FDA Warns of Asbestos Contamination in Certain Cosmetics
Unlike other product categories regulated by FDA, FDA’s authority over cosmetic products marked in the United States is limited. FDA lacks mandatory recall authority for cosmetics, and manufacturers are not legally required to disclose adverse health effects reported by consumers. Ultimately, companies and individuals who market these products in the U.S. bear the responsibility for the safety and labeling of their products.
In 2017, FDA become aware of reports of asbestos contamination in certain cosmetic products sold by Claire’s and Justice retailers. On Sept. 5, 2017 Justice voluntarily recalled the suspect products, and on December 22, 2017, Claire’s removed a number of products from its stores. In a statement on March 5, 2019, former FDA Commissioner Dr. Scott Gottlieb and Dr. Susan Mayne, Ph.D., Director of the Center for Food Safety and Applied Nutrition explained that after Claire’s withdrew and Justice recalled the suspect products, FDA conducted independent tests to determine if some of these products did, in fact, contain asbestos. Those tests confirmed the presence of asbestos in three of the product samples collected from Claire’s and one of the product samples collected from Justice.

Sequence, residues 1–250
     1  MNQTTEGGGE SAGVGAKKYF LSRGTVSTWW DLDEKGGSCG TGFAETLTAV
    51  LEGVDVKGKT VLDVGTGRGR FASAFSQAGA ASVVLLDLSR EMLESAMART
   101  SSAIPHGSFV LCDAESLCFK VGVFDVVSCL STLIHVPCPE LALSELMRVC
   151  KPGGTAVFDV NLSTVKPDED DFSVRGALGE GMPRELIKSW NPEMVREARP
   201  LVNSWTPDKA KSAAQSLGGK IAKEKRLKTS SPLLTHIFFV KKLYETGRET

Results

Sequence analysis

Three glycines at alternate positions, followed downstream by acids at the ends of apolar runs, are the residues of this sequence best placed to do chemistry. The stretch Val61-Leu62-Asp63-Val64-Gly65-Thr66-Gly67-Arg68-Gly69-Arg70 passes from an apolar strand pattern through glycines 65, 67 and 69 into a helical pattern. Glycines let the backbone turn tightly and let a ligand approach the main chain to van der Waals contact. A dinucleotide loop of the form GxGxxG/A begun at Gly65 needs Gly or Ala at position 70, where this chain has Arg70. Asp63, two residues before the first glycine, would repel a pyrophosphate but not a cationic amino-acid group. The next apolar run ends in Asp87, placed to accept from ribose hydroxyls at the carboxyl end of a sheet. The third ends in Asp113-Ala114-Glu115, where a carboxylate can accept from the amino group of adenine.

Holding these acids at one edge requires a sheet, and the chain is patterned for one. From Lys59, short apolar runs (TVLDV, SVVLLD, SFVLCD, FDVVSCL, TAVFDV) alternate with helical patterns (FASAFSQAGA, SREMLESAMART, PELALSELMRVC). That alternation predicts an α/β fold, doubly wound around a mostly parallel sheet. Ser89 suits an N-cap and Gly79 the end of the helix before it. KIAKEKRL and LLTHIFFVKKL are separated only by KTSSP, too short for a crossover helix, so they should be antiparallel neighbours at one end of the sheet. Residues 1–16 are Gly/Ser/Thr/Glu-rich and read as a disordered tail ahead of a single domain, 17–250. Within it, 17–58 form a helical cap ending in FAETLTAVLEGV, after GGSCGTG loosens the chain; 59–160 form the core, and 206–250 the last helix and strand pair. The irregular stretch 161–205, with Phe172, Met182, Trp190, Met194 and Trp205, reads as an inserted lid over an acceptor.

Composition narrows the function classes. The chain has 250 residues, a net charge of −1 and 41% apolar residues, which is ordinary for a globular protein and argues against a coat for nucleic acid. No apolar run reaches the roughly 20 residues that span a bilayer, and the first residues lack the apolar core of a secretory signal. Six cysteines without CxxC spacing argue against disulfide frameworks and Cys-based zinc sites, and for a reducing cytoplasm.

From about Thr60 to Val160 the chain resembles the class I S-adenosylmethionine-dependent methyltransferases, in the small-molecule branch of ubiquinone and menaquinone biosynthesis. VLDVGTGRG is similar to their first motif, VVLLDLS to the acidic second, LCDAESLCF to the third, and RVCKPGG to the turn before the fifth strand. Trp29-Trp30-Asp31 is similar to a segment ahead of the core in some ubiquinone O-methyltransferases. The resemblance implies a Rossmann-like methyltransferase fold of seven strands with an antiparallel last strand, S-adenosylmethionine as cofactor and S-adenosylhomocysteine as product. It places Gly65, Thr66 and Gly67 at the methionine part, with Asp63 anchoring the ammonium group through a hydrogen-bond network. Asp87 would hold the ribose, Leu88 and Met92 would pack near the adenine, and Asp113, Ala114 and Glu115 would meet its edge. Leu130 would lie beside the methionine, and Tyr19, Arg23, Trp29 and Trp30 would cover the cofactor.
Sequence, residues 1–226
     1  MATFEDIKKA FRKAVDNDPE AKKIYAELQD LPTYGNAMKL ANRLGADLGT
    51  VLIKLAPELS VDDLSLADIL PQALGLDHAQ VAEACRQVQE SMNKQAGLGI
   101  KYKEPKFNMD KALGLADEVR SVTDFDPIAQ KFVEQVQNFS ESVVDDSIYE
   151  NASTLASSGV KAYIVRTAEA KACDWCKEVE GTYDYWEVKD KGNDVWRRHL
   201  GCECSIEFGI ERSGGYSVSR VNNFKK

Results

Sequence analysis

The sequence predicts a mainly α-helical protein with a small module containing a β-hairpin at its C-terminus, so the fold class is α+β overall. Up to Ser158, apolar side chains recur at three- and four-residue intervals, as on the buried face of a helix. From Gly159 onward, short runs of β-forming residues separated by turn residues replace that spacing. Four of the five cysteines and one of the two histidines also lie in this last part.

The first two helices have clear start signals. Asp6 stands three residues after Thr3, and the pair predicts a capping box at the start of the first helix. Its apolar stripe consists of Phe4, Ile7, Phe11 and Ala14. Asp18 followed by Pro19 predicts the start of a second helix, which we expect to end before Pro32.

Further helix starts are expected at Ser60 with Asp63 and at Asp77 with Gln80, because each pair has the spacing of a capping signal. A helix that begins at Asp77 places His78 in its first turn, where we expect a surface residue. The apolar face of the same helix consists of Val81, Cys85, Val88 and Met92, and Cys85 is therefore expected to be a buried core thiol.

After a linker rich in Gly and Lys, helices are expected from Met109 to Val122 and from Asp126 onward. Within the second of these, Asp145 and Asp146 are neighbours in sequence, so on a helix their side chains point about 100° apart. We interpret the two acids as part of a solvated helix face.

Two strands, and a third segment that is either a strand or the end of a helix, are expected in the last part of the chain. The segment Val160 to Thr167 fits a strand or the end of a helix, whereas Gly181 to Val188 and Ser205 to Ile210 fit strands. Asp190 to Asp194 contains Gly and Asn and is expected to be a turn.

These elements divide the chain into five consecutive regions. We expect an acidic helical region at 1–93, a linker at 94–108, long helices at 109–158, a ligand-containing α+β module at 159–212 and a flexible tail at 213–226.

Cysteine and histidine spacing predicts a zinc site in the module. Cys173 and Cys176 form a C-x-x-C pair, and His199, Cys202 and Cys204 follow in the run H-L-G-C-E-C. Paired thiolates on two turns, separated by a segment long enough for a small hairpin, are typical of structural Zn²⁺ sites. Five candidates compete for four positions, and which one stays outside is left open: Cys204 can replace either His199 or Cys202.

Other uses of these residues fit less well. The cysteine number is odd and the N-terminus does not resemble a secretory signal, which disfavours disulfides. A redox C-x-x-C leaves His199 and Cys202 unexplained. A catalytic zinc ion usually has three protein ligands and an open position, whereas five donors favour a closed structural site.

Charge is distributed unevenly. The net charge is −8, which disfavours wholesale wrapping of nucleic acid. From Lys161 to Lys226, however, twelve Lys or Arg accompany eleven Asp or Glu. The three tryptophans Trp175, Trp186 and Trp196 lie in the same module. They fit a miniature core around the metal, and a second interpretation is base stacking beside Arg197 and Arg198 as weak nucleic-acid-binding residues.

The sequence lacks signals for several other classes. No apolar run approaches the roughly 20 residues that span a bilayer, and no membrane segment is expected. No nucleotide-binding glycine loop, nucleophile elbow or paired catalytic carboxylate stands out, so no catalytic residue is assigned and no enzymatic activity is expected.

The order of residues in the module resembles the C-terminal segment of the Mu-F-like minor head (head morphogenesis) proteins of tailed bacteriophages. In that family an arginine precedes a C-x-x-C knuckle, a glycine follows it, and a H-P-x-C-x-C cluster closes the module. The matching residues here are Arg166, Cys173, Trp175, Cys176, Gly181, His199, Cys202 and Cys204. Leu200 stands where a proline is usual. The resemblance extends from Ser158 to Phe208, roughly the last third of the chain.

While suspect Justice products, including the one that tested positive for asbestos were previously recalled from the market, FDA noted that Claire’s has refused to comply with the Agency’s request to recall the products. Because the Agency does not have authority to mandate a recall, FDA issued a Safety Alert, warning consumers to not use three of Claire’s products because they tested positive for asbestos. In essence, the Agency utilized the statement in this case to publicly announce their alleged safety concerns with the products and to point out that Claire’s had failed to comply with FDA’s request. While not a recall, this statement represents a powerful tool for the Agency to communicate concerns with respect to cosmetics.